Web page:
At the 57th DOK. Leipzig festival, Teresa Czepiec will show her latest documentary film “Super Unit.” We would like to invite you to read the interview with the film’s director.

Daniel Stopa: Falowiec in Gdynia, Pekin in Warsaw and Mrówkowiec in Wrocław - in addition to the Super Unit in Katowice, there are more “machines for living” in Poland. Why did you choose the moloch in Silesia?

Teresa Czepiec: All these buildings are fascinating, because they are spectacular “machines for living.” However, the choice was simple, because it was personal. I was familiar with the Super Unit from the times of when I studied Directing in Katowice. I passed this building by many times, thinking that there is something special to discover in it. I was also inspired by the name, which opens a wide field for interpretation: Super Unit is a specific building, but you can also use this phrase to talk about an exceptional person or non-existent, but possible unit of measurement.

The eponymous block of flats is the main protagonist, we learn about its every day functioning and watch a collection of various personages, the inhabitants of the Super Unit. I can guess that hundreds or maybe thousands of people live and work in the building. How did you select the characters for the film?

Before shooting the film, I spent a year meeting the inhabitants. The formal assumptions behind the film were already agreed upon. I knew that we were looking for interesting people of various ages, from children to the elderly. What worked was chance and methodical actions. The first person I met was Zbigniew, one of the conservators, who was busy closing the window of his workshop. At first he was reluctant, but in the end he was persuaded to allow us to shoot here for the documentation. We were also looking for the protagonists by going from door to door. Sometimes it happened that we had already arranged to meet someone, and they changed their plans and declined. But going to the corridor or to the lift, we met someone else, an equally interesting person, who wanted to participate in the documentary film. I know that I did not include some of the stories, but it was impossible to do so, taking into account the huge number of them. What is in the film is the result of months of preparations and of chance, of what we managed to observe on location and during editing. Paradoxically, it seems to me that it reflects the substance of the case rather faithfully.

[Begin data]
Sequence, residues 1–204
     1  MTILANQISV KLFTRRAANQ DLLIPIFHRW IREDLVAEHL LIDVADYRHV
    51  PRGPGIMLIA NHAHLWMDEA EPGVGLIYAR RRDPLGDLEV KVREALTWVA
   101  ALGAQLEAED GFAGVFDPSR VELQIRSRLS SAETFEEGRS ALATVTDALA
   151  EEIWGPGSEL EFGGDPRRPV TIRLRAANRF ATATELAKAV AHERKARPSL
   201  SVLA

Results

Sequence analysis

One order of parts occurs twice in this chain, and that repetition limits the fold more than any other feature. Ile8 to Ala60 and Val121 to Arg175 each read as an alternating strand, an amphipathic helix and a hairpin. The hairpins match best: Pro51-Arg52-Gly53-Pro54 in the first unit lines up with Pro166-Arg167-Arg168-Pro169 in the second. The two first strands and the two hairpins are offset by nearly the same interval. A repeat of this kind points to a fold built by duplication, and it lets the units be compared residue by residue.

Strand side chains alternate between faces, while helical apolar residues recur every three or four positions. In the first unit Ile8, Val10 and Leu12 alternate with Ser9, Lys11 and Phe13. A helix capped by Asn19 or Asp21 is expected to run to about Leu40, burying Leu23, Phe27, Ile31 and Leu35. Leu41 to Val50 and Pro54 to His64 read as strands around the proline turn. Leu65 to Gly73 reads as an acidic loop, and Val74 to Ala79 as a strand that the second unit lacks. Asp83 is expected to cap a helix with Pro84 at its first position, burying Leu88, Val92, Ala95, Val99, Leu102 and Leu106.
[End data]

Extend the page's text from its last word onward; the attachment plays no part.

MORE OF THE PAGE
The element, which unites the fates of the characters, seems to be technology, all kinds of installations, machines, switches, and lifts? Was there any key idea which you followed by connecting the stories of the characters during editing?

The key was to connect the characters by technology, all kinds of devices, installations and mechanisms and it was a part of our idea from the beginning. It may seem absurd to film the mains of the pipes and lift shaft from the inside, but these elements unite the inhabitants and are related to their everyday life. Everyone in the block of flats does the same things, uses the same infrastructure, and hears each other through the walls, doors and corridors. Editing was an important stage, because there is no plot in the story. The structure concentrates on the inner rhythm, which we had to find, together with the editor, and complement with the sound effects man, who created the entire concept of sound.